Checking Your Credit Report To Investigate Identity Theft

If you have just been denied credit by a lender, you should immediately check your personal credit report to make sure that unauthorized charges are not the reason why your application did not get approved. Also, if you recently received a call from a lender or a credit card Issuer informing you about past due charges that you do not know about, there is a possibility that you have been a victim of Identity theft. What should you do?

Protect Yourself from ID Theft

One way to make sure that no one is opening new accounts under your name or using your account for unauthorized transactions is to check your credit report at least twice a year.

Under The Fair Credit Report Act , all consumers are entitled to one credit report for free each year. To claim your credit report score, visit www.annualcreditreport.com- a website supported by three major credit bureaus Equifax, Experian, Trans Union.

Your credit report contains all information about your accounts be it a credit card account, personal loan, car loan, mortgage, etc. It shows the type of credit you have, the amount of debt you owe, the payment you’ve made, etc.

Aside from your payment history, your report also contains basic information about you such as your full name, residence, employment history, Social Security Number, etc. Another section will reveal all the companies that inquired your report. The last part of your report should empty unless you have a record of bankruptcy, alimony, tax liens, etc.

Your Free Credit Repair Guide

Your credit report contains all information about your accounts be it a credit card account, personal loan, car loan, mortgage, etc. It shows the type of credit you have, the amount of debt you owe, the payment you’ve made, etc.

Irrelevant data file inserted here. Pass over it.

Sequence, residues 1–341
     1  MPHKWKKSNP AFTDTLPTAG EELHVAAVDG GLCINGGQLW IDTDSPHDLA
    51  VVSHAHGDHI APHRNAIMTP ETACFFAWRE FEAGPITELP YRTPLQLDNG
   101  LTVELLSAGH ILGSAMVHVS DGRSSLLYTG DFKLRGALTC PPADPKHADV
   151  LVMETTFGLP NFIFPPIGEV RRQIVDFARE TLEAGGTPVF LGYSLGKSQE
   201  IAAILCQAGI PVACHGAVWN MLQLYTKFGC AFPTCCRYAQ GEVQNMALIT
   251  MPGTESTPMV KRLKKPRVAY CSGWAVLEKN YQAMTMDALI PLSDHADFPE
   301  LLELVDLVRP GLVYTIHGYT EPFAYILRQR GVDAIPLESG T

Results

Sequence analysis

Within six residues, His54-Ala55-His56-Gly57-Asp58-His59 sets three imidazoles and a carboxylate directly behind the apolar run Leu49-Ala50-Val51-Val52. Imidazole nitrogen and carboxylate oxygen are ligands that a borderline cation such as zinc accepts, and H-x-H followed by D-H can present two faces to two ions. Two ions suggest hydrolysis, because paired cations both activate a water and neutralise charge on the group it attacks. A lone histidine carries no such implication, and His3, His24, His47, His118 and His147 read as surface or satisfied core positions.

Aside from your payment history, your report also contains basic information about you such as your full name, residence, employment history, Social Security Number, etc. Another section will reveal all the companies that inquired your report. The last part of your report should empty unless you have a record of bankruptcy, alimony, tax liens, etc.

Check every detail in your credit report. If you find unauthorized charges, call the creditor involved to dispute the charges. The next step is to send a dispute letter to the bureau that issued your report. Point out the charges in question and enclose copies of documents that support your claim. Send your letter via registered mail to ensure that it will not be lost along the way.

Upon receiving your dispute letter, the credit bureau must immediately begin an investigation regarding your complaint. You may need to wait up to 30 days before the matter can be corrected. Once your dispute has been proven, the bureau will send you an updated copy of your report for free. On the other hand, if you do not receive any response from the bureau within 15 days after submitting your dispute letter, you must send a follow-up letter, reminding them of their duty to respond to a customer dispute.

 

About the Author:

Suzy Vanstrusen is a credit analyst and a writer on the website EZCreditRepairSolutions.com. She has been providing consumers with tips and wise information about credit repair as well as helping you out more with your bad credit loans.  Copyright © 2010
 

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